Genomics

Intermountain Launches Precision Medicine Study on Genetic Diseases

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By Jessica Kent

– Intermountain Primary Children’s Hospital has launched the HerediGene: Children’s Study, an effort to speed the development of precision medicine therapies for children with genetic disorders.

The HerediGene: Children’s Study is the world’s largest DNA mapping effort ever undertaken in kids. The study will involve the voluntary collection of 50,000 DNA samples of children as young as newborns, as well as their parents and siblings who choose to participate.

The study will seek to help children find future treatments and possible cures for genetic disorders based on their unique DNA.

Data from the study will help researchers at the Primary Children’s Center for Personalized Medicine and Intermountain Precision Genomics to better understand genetic diseases, which can be devastating and often fatal in children. The project will also focus on researching new ways to treat pediatric patients with genetic conditions.

The Center for Personalized Medicine is a collaboration between Primary Children’s Hospital, Intermountain Precision Genomics, and pediatric specialists and researchers at University of Utah Health.

“This effort represents the largest population study of pediatric genetics and disease in the world,” said Dustin Lipson, Administrator, Primary Children’s Hospital. “Results will inform and transform genetic research and applied genomic medicine at Primary Children’s Hospital and across the US for years to come.”

The new study is part of HerediGene: Population Study, a major global initiative led by Intermountain Precision Genomics to collect samples from 500,000 participants and discover new connections between genetics and human disease.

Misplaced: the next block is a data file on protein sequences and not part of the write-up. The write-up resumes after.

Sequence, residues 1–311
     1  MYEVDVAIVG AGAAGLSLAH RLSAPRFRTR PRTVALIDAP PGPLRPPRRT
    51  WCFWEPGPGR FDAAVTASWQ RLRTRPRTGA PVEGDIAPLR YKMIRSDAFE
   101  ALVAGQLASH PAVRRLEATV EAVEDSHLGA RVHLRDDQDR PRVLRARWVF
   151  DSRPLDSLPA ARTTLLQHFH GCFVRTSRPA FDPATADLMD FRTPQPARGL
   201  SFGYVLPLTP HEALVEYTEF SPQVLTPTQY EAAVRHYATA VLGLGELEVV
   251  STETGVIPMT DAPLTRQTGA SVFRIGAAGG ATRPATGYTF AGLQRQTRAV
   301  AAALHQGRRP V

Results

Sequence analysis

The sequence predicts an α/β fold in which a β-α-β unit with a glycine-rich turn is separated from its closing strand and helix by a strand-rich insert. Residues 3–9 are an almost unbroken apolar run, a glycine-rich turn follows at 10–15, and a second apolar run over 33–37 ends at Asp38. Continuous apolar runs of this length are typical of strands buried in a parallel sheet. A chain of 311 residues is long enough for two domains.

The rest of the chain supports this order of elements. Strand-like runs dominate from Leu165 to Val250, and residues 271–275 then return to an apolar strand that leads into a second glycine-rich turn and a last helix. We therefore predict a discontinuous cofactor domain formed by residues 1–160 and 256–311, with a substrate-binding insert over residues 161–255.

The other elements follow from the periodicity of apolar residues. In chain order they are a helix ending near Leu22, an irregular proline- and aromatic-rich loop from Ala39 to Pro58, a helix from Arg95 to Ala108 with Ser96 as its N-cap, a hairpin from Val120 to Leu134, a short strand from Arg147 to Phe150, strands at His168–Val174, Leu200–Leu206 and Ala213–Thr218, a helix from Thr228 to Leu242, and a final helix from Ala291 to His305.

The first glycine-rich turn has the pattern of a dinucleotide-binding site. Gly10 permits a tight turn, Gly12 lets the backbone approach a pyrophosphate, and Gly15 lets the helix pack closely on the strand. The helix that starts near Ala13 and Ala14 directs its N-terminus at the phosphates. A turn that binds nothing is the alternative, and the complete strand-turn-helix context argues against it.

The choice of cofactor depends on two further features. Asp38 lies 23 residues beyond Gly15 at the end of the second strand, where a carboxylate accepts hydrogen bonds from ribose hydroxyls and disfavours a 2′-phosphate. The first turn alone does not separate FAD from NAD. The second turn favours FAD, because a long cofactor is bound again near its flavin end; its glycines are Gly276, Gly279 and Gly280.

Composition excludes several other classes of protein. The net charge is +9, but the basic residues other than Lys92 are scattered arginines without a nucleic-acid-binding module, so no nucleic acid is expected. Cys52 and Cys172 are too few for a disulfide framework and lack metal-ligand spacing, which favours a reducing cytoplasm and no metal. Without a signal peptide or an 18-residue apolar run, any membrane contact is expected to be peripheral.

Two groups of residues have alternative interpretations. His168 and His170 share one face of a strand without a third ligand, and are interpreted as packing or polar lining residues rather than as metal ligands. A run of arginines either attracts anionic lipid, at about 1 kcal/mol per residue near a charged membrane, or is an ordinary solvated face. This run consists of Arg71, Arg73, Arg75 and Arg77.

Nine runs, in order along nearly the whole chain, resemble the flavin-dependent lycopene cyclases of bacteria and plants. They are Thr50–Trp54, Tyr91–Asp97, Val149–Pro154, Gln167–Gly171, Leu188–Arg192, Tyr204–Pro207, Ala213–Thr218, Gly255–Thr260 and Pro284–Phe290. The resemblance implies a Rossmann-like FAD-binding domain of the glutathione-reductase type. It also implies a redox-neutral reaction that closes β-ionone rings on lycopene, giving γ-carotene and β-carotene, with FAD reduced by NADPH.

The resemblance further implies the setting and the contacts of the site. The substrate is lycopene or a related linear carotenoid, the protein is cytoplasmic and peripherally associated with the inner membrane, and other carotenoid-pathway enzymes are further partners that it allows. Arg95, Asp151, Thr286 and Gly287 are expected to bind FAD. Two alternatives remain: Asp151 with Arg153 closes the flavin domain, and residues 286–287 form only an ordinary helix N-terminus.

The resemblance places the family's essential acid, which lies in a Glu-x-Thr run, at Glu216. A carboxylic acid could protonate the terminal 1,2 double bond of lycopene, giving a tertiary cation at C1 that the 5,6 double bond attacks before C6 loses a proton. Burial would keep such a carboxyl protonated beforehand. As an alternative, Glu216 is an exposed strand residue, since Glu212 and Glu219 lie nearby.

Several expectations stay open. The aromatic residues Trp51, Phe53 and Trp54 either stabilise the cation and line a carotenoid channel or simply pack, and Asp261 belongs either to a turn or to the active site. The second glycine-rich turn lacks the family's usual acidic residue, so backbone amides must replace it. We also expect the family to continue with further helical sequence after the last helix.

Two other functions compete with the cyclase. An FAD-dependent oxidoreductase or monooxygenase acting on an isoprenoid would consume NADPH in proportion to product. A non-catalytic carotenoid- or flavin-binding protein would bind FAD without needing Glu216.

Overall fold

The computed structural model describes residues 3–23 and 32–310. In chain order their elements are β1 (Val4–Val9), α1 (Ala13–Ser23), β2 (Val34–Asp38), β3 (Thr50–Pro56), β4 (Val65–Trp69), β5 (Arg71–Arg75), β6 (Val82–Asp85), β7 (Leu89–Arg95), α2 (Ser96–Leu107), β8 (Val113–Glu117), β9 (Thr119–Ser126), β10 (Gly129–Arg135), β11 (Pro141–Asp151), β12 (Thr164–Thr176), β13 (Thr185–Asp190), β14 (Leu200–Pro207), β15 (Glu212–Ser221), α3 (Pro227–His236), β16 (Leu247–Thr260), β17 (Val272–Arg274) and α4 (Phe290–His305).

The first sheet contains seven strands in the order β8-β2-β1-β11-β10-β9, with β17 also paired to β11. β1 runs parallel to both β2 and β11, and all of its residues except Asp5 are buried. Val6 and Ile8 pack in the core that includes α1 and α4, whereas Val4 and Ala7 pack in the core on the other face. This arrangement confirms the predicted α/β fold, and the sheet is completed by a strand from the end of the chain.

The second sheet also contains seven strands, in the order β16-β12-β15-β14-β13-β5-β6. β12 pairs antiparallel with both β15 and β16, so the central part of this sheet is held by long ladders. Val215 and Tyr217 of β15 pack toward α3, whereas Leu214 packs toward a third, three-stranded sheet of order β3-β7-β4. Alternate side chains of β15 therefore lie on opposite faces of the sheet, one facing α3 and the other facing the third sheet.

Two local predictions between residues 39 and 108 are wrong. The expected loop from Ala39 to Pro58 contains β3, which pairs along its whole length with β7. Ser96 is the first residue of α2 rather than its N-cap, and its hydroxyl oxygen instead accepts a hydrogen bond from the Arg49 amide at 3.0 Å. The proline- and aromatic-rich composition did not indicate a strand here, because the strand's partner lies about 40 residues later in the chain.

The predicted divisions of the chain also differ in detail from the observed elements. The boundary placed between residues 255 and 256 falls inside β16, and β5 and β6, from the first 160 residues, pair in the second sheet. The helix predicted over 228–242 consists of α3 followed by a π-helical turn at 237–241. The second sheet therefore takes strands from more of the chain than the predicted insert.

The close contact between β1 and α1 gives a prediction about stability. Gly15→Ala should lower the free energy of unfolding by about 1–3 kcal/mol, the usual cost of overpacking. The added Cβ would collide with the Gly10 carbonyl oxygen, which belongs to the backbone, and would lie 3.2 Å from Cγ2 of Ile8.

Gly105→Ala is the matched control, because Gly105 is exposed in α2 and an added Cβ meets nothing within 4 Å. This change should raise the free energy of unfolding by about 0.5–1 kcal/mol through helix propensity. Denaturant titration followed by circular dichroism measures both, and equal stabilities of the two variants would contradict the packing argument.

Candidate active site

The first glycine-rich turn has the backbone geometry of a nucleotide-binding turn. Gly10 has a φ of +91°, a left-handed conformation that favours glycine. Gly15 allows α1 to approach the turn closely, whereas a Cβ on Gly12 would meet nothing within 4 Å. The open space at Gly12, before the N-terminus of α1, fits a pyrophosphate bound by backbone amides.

Patients’ contributions will help improve early detection and new treatment options for future generations of families in the US and around the world who are susceptible to conditions like cancer and heart disease.

Intermountain and deCODE genetics announced a collaboration on the initiative in June 2019, representing the largest and most comprehensive DNA mapping effort in the US from a single population.

“The HerediGene: Children’s Study is a transformative opportunity,” said Josh Bonkowsky, professor of Pediatrics at University of Utah Health and director of Primary Children’s Center for Personalized Medicine.

“Discoveries from the Children’s Study can be combined with extensive clinical data at Intermountain Healthcare and research insights from University of Utah Health. With this comprehensive approach, the genetic determinants leading to disease can be tackled, and novel and unexpected disease causes, and potentials for cures, can emerge.”

As with the HerediGene: Population Study, Intermountain will work with deCODE genetics to map the genomes of participants by collecting a sample of blood. In children, the sample size is less than one teaspoon. Like the adult population study, the children’s study is voluntary and free to participants. Children and their family members do not have to be patients at Primary Children’s Hospital.

Participants in the study and their medical information will be de-identified to ensure anonymity before it’s utilized in research to help medical professionals better understand the human genome. A small percentage of participants, including children, will have the option to receive their genetic results report if a clinically significant gene mutation is identified.

The organization expects that the information collected from the study will help advance precision medicine treatments for genetics disorders.

“There has never been a children’s study of this breadth and depth from a single institution. This tremendous undertaking is groundbreaking, innovative, and represents the most cutting-edge science underway in medicine today,” said Lincoln Nadauld, MD, PhD, oncologist and vice president and chief of precision health and academics at Intermountain Healthcare.

“The HerediGene: Children’s Study will transform our ability to diagnose and even prevent future diseases in children and families, representing the most compassionate application of precision medicine today.”

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